From The Carmel Pine Cone of May 31, 2002

By Margot Petit Nichols

A man for all seasons,

Horace Mazet's ashes to be scattered at sea

Horace Mazet, known to his many friends as Mazie, was a man for all seasons. He died at his Monterey residence on May 17 at the age of 98.

In many ways, Mr. Mazet was larger than life, both in physical stature and in accomplishments in the fields of aviation, writing, poetry, photography and world travel.

A native of New York City, he was born Nov. 6, 1903. He received two B.A. degrees, one from Brown University and one from the Columbia School of Journalism.

He served in the U.S. Navy as an aviator, transferring to the U.S. Marine Corps during World War II as an officer pilot. He retired from the Marine Corps Reserve in 1963. Between 1955 and 1964, he participated in extensive exploration in remote parts of East Africa and Kenya to French Equatorial Africa, capturing recalled adventures in short stories he wrote later. Converted by conscience from big game hunting, he went on a photographic expedition around the world, photographing indigenous peoples and even in his early 90s visited Antarctica.

In his earlier years, he was a photographer and sound engineer for the movie company which took African background films for the old Tarzan movies and also served as a Hollywood extra and stuntman.

One of his books, "Shark! Shark!", written in collaboration with Capt. William F. Young, was named one of the best books of 1932 by Scribners magazine and was given a full page spread in the New York Times Book Review. It was published in France, also. "Shark Fishing Off the Great Barrier Reef" followed, written with Robert Hale, and "Tigers of the Sea" with Charles G. Muller rounded out his shark books which brought him recognition as a shark expert.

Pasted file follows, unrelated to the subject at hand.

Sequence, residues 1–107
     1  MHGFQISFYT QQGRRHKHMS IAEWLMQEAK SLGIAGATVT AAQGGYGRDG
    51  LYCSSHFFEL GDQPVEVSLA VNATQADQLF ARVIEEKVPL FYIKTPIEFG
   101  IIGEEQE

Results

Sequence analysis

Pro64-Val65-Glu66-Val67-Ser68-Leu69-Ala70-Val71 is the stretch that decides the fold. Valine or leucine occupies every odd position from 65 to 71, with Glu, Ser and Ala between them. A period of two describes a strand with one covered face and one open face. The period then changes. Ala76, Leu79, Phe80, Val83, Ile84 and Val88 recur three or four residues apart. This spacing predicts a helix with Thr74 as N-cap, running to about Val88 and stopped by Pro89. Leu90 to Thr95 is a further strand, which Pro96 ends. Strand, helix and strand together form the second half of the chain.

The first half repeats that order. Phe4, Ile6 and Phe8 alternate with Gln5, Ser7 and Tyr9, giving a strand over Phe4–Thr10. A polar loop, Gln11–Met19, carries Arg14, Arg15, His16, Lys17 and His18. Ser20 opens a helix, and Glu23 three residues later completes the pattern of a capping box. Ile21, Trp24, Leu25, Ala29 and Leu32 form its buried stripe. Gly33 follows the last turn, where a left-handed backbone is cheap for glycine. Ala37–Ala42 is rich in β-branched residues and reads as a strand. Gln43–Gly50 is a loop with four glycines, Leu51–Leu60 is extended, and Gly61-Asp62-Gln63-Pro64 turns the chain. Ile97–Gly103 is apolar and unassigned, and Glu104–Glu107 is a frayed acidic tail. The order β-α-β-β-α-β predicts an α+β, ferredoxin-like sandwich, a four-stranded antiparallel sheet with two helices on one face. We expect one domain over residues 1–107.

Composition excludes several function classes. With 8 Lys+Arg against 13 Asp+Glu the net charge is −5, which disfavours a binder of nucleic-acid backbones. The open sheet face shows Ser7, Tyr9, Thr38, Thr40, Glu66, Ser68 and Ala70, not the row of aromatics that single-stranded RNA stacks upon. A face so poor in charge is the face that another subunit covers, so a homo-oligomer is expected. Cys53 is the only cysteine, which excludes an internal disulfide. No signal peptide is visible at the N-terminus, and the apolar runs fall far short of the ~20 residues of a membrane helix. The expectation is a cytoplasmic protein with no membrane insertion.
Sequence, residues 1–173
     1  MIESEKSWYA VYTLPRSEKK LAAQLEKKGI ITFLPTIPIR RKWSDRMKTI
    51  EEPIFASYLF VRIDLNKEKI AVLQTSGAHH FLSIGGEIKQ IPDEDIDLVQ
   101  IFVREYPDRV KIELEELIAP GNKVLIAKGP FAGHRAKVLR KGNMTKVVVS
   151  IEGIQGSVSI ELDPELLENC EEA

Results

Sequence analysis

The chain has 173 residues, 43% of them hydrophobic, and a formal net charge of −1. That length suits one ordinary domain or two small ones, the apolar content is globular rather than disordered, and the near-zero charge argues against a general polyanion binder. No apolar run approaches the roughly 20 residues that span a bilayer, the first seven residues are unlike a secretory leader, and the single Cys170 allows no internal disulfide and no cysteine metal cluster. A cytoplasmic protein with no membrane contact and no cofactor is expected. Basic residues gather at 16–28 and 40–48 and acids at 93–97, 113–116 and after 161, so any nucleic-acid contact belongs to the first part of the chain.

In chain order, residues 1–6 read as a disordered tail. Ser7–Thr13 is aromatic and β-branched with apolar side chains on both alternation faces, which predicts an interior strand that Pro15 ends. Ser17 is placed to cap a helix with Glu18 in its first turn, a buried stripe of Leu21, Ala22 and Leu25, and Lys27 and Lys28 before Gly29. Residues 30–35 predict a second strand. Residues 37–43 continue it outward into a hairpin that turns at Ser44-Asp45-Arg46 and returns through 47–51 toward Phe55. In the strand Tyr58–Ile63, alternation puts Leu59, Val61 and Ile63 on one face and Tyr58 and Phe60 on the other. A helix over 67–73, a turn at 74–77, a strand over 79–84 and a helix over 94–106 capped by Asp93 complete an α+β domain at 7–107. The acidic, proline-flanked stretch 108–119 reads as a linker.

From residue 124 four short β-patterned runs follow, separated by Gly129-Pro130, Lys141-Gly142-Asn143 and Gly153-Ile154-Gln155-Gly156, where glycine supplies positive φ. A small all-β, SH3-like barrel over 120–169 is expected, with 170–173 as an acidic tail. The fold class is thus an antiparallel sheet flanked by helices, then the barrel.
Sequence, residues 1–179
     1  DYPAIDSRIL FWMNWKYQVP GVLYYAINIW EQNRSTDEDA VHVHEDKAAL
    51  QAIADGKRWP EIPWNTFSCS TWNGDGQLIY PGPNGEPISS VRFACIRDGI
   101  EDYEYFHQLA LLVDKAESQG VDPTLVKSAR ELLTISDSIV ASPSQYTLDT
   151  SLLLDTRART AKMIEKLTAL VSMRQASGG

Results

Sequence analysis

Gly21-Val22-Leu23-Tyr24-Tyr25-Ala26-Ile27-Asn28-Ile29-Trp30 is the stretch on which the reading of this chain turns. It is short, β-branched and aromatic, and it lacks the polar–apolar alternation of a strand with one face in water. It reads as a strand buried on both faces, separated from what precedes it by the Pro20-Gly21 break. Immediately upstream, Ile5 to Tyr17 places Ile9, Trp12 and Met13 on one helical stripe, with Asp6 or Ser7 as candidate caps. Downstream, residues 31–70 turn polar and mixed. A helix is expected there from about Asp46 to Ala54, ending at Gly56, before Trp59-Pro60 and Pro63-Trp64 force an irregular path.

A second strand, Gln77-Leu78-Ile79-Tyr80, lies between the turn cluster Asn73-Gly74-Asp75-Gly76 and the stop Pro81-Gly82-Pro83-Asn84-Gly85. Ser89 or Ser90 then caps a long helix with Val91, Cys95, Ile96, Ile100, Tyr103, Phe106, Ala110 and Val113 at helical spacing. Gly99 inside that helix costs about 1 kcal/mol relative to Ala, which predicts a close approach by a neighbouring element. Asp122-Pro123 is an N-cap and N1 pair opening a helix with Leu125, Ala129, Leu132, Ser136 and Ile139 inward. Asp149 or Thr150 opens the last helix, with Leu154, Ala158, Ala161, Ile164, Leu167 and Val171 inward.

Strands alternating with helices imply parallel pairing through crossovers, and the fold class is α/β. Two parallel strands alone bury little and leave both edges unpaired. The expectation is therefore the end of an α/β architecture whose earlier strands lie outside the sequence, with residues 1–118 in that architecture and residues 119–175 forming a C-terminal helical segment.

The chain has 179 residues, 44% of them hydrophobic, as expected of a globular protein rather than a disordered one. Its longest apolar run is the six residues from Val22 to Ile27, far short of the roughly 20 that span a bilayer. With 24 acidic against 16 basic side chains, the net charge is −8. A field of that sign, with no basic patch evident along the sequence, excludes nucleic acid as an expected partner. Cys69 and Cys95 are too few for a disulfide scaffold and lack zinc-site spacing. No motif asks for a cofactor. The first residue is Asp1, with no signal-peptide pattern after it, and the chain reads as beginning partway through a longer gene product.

"Wild Ivory", a novel, was well received, and one of his best short stories was published in "Half a Hundred Tales by Great American Writers." He had literally hundreds of articles and short stories published in American magazines, such as The Saturday Evening Post, Story, and Esquire, and many news papers, including the New York Times, the Marine Corps Gazette, Los Angeles Times and Brooklyn Daily Eagle. He was an award-winning poet, as the many blue ribbons he displayed in his bookcases attested. For many years he was a member of the Carmel-by-the-Sea dedicated poets' group, Hubris.

He enjoyed model shipbuilding, woodcarving and painting.

Mr. Mazet was a Fellow in the Royal Geographical Society, a docent emeritus at the Monterey Maritime Museum and had volunteered over 2,000 hours as a guide at the Monterey Bay Aquarium. He was a life member of the California Association of Realtors and resided in Carmel Valley for many years.

He is survived by his wife of 30 years, Linda Mazet of Big Sur; stepson, Charles T. Long of Maryland; two stepdaughters, Lauren Long Shaver of Powell, Ohio; and Helen Martha Long Hayden of Carmel; three step-grandchildren and two nephews. He also leaves behind his longtime friend and care provider, Leo Lukenes of Seaside.

Private family services will be held, and following cremation under the direction of Paul Mortuary, his remains will be scattered in the sea he so loved.

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